As sun descends to meet watery horizon,
its reflection is a shimmering road of gold
bridging the edge of the world
to the hidden cove below.
We stand in a lacquered gazebo
on a cliff isle that is only reached
by an arching stone bridge
that spans an ever-widening breach
created by forces of winds and waves.
The isle has been drifting and falling
from land since before Spaniards
with their missions, before Chumas times,
maybe even before dinosaurs
lived in caverns at the cliff base.
From the cliff-top gazebo, we breathe in
the panorama of the sea scene.
Besides us, the only living things are birds
in their crags, squirrels in their burrows,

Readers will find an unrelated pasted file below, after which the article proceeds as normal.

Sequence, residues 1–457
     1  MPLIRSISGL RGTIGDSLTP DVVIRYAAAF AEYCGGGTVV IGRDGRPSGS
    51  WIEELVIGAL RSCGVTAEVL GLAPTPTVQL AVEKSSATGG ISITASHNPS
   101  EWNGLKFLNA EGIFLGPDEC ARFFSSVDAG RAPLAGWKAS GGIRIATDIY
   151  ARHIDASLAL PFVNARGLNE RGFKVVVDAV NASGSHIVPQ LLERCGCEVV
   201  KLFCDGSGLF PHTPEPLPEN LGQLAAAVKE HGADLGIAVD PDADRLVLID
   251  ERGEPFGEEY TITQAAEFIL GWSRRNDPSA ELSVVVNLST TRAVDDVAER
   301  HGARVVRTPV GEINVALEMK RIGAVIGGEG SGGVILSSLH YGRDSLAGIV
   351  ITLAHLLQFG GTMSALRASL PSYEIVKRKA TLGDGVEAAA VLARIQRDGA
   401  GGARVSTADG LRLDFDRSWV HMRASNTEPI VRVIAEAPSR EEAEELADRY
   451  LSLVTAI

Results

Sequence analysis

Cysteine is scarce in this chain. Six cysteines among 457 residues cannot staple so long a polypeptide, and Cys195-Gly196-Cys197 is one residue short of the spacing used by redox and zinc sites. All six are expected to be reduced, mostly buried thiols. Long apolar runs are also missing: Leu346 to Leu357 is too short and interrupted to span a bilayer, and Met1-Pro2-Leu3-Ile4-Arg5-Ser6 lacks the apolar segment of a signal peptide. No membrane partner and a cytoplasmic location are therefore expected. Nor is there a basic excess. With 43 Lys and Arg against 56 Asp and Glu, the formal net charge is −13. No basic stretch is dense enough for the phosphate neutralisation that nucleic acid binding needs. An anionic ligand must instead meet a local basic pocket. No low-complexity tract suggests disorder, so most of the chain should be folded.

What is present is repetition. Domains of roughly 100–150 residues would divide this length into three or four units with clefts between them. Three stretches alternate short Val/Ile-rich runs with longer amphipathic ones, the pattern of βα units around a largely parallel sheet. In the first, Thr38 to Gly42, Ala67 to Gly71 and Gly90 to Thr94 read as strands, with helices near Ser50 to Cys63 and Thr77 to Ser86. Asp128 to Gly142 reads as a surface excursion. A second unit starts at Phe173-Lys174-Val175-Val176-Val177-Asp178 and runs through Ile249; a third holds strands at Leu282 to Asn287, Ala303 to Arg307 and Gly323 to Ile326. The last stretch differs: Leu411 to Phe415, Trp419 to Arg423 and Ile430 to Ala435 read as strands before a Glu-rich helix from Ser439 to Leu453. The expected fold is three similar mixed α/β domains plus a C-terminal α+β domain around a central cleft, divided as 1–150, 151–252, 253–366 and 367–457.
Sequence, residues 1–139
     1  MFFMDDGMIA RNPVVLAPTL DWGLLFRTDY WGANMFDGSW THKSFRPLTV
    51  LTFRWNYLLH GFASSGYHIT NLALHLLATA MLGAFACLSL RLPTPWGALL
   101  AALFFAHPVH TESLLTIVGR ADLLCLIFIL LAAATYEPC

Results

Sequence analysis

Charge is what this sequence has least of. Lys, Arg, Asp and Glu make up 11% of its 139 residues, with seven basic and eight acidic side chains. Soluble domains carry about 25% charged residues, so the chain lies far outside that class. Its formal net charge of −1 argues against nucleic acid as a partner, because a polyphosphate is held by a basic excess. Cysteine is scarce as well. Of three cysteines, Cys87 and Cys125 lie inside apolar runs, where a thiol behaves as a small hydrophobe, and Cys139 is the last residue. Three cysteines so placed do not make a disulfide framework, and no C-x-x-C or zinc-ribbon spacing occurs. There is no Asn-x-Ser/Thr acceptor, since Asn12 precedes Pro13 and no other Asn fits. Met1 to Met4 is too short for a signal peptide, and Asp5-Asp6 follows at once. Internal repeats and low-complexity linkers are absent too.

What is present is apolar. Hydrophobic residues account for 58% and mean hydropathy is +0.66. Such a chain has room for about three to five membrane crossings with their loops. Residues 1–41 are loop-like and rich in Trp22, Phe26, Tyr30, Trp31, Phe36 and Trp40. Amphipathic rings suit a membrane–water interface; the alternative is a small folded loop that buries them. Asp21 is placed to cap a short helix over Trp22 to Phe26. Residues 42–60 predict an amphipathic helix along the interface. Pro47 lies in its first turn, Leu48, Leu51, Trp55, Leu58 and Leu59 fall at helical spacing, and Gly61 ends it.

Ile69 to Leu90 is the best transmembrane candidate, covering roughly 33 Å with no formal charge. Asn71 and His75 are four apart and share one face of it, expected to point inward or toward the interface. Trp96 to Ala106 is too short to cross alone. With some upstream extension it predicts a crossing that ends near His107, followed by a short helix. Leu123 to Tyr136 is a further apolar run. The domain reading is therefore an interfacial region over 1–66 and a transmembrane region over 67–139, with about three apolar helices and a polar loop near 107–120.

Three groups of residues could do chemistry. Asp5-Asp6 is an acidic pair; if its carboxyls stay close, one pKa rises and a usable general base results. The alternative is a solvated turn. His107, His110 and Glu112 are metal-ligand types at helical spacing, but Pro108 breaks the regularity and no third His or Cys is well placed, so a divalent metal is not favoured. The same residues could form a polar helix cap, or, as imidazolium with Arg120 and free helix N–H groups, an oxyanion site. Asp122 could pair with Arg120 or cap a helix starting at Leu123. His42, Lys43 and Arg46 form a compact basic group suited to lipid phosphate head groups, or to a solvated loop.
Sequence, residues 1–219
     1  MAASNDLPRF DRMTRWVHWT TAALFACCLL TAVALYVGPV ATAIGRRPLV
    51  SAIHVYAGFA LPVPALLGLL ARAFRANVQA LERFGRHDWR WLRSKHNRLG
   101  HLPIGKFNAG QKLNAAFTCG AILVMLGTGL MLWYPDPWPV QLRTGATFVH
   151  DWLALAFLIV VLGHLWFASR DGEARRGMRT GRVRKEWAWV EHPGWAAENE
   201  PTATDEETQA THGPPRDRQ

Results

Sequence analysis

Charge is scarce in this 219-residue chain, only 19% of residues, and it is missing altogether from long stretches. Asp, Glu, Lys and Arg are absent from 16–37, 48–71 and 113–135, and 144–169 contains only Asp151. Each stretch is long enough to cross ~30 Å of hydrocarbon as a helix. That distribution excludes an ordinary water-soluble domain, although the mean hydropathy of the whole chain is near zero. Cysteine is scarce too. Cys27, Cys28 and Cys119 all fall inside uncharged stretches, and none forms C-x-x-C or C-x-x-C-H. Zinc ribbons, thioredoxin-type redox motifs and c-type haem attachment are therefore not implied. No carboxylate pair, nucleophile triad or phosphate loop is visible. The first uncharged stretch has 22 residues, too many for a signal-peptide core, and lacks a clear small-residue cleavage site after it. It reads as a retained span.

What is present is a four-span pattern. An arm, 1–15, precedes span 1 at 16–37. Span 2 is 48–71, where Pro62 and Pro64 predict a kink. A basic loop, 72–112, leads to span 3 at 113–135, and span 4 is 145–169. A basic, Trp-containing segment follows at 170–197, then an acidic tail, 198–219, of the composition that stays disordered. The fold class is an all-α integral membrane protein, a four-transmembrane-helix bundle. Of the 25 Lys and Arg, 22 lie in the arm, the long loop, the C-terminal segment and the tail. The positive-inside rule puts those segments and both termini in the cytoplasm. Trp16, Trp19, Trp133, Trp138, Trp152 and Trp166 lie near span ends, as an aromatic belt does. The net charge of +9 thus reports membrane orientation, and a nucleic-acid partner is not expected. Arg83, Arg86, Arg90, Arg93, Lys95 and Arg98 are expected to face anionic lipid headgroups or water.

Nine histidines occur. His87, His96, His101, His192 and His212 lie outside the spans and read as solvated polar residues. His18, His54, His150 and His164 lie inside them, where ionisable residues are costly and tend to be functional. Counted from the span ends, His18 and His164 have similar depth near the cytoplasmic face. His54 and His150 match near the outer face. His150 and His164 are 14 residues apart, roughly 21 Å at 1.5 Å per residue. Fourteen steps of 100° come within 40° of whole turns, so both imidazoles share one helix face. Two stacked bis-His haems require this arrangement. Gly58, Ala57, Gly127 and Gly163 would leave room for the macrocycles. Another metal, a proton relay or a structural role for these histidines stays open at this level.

and a lone fir tree.
On the tree trunk, someone has left
attached a bouquet of red
and white plastic flowers
in memory of some loved one,
who, by accident
or intent, had slipped
down the sheer cliff
to meet the rocky cove,
in memory of these birds
and squirrels with their brief lives,
in memory of us standing here
who will someday fall
to the cove below
and travel that shimmering road,
in memory of this fir tree
and this cliff isle
that will someday crumble
into the sea,
in memory of this shelter Earth
that someday will be nothing
but a golden shimmer
of dust in this dark universe.